There has been a dramatic rise in the sale of alcohol since the initial COVID-19 lockdown in March. According to the Associated Press, the sale of alcohol has increased 55 percent compared to March and April of this year. It’s unclear if the surge in sales is due to stress-related alcohol consumption or people stocking up on supplies due to the uncertainty associated with the pandemic.
The lockdown has changed people’s perspective on drinking in many ways. With drinking trending more than ever on social media outlets, it’s more acceptable to drink at home. This new standard, coupled with prolonged exposure to pandemic stress, may cause people to turn to alcohol to cope. That is why experts are beginning to worry about the effects this increased consumption could cause in the future.
With alcohol consumption increasing, it has become essential to find new coping methods. Whether that means meeting with friends or scheduling that overdue appointment with a therapist, now more than ever seeking help is the best thing people can do.
Concerns Around Increased Alcohol Consumption
According to an article in the Philly Voice, David H. Jernigan, professor of Health Law, Policy & Management at Boston University, stated that increased drinking affects people’s immune systems. As a result, people who have increased their alcohol consumption are more susceptible to catching COVID-19. However, it’s become apparent that lowered immunity and a higher risk of COVID-19 isn’t the only concern experts have about the rise in alcohol use.
Prolonged exposure to stress due to the pandemic may cause people to turn to alcohol to cope. Along with immune deficiencies, increased alcohol use can result in a poor mental state. That is why experts are beginning to worry about the effects this increased consumption could cause over time.
“Social isolation, limited interaction and financial distress are causing excessive stress, which has direct correlations with alcohol consumption,” stated Md Zahir Ahmed, a co-author of a study published in the Asian Journal of Psychiatry.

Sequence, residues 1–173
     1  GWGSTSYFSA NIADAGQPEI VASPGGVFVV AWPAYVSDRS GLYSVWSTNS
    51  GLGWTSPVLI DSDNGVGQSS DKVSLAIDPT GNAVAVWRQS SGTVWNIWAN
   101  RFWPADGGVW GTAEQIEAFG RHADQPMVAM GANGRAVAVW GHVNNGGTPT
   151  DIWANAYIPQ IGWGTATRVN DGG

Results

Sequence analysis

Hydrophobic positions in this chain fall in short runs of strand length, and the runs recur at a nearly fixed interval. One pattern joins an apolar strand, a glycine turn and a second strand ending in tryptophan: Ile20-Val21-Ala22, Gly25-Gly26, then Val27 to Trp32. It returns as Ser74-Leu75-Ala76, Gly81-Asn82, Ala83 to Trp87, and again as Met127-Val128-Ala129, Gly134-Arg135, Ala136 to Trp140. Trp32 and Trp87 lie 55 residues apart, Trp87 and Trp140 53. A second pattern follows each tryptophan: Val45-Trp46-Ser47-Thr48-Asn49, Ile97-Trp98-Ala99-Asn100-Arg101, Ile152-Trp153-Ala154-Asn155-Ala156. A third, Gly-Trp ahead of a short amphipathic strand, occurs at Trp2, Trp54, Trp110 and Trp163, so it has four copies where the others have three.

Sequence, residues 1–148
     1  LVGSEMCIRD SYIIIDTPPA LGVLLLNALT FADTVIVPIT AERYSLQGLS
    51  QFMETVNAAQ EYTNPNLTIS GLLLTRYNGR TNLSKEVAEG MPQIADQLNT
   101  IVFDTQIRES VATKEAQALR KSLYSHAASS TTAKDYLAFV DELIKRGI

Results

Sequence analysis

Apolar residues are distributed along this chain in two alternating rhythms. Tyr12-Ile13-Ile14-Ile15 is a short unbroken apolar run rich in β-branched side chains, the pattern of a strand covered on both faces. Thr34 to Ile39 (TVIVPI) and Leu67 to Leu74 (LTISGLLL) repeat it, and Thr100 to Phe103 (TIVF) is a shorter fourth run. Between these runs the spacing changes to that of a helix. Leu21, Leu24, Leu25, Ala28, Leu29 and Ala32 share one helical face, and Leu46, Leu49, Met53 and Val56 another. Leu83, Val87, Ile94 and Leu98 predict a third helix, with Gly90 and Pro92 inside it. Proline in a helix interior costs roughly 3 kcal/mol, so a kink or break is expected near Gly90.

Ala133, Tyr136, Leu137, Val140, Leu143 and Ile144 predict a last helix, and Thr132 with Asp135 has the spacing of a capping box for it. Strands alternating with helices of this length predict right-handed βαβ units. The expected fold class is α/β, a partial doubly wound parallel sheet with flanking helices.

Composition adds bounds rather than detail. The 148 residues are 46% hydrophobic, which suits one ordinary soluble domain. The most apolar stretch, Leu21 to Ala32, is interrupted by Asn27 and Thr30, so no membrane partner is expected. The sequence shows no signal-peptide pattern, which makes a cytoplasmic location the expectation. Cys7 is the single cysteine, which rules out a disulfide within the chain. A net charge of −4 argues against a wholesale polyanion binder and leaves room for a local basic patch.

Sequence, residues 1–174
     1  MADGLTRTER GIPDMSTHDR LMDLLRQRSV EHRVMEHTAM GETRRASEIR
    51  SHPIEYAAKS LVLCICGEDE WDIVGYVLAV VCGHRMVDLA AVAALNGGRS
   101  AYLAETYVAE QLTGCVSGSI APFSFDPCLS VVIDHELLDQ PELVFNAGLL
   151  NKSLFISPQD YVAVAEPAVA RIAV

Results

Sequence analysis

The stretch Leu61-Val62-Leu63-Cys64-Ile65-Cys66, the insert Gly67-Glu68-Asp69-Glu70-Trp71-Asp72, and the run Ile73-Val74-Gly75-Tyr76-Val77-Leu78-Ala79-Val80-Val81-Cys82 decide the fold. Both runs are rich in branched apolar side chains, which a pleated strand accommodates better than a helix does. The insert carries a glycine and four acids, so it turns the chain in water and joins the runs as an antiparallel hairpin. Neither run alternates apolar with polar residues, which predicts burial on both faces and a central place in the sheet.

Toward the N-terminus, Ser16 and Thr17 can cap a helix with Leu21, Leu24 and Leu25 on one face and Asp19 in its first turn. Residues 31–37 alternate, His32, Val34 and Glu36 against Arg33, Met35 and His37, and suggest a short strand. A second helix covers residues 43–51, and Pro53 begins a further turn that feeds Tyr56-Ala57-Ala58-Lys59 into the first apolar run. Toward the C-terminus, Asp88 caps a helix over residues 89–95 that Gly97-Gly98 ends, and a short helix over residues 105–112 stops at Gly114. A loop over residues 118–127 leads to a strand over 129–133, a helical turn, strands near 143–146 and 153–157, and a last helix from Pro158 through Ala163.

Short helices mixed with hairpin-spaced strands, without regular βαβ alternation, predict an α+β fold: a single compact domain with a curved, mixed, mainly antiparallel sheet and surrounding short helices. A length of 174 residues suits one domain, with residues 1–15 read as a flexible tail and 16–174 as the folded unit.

Attempts to self-medicate and keep anxiety in check with alcohol can lead to excessive consumption and unwanted side effects, said Wendy McClary, a licensed marriage and family therapist, practicing in Vermont and Massachusetts , in an interview with NBC News.
Increased consumption can lead to negative feelings, which can prove to be a challenge for people under lockdown. Those negative emotions have contributed to more domestic disputes and made homes less safe than before the pandemic. With many of the activities people once used to suppress those negative feelings still on hiatus, a clear need for healthy alternatives is needed.
Check your Drinking
Dr. Kirtly Parker Jones, at the University of Utah School of Medicine, advised counting the number of drinks you have per day and per week and then ask yourself why you are drinking. If you find you’re drinking due to feelings of depression, boredom, or anxiety, it’s best to seek help.
Samantha Cassetty, a New York City-based registered dietitian, told NBC News that there are a few ways people can keep their alcohol consumption in check. Choosing drinks that have lower alcohol content is a safer alternative. However, if you find it difficult not to drink, try removing yourself from situations where drinking is prevalent. It is encouraged to focus on yourself by picking up new hobbies.
The COVID-19 pandemic has brought with it many troublesome outcomes, including a dramatic rise in alcohol consumption. This has concerned many experts because it’s unclear if the surge in sales of alcohol is due to an increase in stress. Excessive use of alcohol can lead to both physical and mental harm. But by staying connected with others, utilizing online resources, and checking your habits, you can keep your alcohol consumption in check.
For those struggling with controlling their alcohol use during the pandemic, there are ways to get help. Although many in-person support groups have been put on hold due to the pandemic, support is still available through virtual meetings and telemedicine. Reaching out to family, friends or a therapist also can be a needed lifeline in these times.